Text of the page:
The eval built-in evaluates operands as commands.


  • eval [-i] [command…]

The eval built-in requires that all options precede operands. Any command line arguments after the first operand are all treated as operands.


The eval parses operands as commands and executes them in the current command execution environment.

When executed without the -i (--iteration) option, all the operands are concatenated into one string (with a space inserted between each operand) and parsed/executed at once.

With the -i (--iteration) option, the built-in performs iterative execution: operands are parsed/executed one by one. If the continue built-in is executed with the -i (--iteration) option during the iterative execution, the execution of the current operand is aborted and the next operand is parsed/executed immediately. The break built-in with the -i (--iteration) option is similar but the remaining operands are not parsed/executed. The value of the ? special parameter is saved before the iterative execution is started. The parameter value is restored to the saved one after each iteration.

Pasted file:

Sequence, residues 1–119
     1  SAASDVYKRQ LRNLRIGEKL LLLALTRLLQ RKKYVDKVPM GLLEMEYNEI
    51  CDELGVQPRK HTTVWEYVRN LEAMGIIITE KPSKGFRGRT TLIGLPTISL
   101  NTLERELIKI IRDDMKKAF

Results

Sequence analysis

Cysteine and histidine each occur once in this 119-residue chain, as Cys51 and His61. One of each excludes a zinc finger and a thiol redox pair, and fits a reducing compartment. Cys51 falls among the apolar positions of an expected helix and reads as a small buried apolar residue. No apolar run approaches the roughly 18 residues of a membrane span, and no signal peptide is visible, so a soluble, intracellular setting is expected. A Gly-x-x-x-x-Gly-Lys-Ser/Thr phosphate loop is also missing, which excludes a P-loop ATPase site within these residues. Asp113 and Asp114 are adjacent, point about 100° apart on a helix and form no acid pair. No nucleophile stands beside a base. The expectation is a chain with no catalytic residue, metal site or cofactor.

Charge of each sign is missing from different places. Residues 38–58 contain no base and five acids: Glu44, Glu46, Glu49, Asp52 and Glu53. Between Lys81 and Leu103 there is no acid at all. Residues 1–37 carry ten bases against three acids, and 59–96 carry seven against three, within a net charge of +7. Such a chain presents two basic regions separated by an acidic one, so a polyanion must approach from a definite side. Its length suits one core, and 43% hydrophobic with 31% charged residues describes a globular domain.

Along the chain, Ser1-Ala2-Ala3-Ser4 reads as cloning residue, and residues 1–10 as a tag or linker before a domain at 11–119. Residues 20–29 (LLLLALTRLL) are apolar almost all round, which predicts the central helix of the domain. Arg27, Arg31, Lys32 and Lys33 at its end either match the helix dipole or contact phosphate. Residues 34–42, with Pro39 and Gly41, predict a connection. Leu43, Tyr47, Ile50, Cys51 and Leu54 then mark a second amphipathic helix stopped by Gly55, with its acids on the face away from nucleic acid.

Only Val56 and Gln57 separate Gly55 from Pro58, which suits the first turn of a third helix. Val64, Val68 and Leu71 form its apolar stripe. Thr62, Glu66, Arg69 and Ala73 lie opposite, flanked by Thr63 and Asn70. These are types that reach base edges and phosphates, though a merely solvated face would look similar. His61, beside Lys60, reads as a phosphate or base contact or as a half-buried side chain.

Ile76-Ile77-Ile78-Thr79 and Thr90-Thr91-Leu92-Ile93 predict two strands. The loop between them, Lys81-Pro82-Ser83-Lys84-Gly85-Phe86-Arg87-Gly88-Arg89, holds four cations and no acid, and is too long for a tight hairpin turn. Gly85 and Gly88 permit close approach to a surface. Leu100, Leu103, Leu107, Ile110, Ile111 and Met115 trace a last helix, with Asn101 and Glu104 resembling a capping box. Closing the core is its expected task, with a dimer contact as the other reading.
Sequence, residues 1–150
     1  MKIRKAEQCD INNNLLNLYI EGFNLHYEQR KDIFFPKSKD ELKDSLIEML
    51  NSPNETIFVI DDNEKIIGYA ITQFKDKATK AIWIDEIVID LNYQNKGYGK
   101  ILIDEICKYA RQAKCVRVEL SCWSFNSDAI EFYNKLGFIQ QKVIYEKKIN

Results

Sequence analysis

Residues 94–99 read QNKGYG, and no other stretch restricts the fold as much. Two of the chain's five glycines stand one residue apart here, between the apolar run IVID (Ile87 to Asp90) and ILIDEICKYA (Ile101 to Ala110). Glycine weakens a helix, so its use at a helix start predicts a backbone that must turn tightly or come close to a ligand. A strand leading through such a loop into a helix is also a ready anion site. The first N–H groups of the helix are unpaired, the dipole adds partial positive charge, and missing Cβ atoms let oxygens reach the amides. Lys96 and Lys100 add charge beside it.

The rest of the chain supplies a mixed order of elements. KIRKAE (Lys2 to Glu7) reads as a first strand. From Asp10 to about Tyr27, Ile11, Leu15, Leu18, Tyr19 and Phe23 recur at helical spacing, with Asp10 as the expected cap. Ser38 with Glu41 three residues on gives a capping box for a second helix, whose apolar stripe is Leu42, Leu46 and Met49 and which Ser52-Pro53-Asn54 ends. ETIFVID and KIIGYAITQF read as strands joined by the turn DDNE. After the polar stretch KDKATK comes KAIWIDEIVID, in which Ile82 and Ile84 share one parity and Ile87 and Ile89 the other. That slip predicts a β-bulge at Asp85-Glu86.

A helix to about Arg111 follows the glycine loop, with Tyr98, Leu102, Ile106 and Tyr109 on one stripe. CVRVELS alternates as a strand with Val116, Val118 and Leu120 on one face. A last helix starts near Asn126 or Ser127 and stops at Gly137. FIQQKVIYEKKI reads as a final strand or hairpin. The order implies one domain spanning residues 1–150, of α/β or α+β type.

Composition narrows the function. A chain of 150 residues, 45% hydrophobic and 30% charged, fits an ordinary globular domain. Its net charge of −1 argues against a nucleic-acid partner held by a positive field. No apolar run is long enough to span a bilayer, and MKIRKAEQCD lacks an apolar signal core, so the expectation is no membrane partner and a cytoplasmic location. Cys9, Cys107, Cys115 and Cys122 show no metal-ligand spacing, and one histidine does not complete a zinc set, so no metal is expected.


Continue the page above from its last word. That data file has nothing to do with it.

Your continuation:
Perform iterative execution.



A string that is parsed and executed as commands.

Exit status

The exit status is zero if no command was specified or command contained no actual command that can be executed. Otherwise, that is, if the eval built-in executed one or more commands, the exit status of the eval built-in is that of the last executed command.


The eval built-in is a special built-in.

The POSIX standard defines no options for the eval built-in; the built-in accepts no options in the POSIXly-correct mode.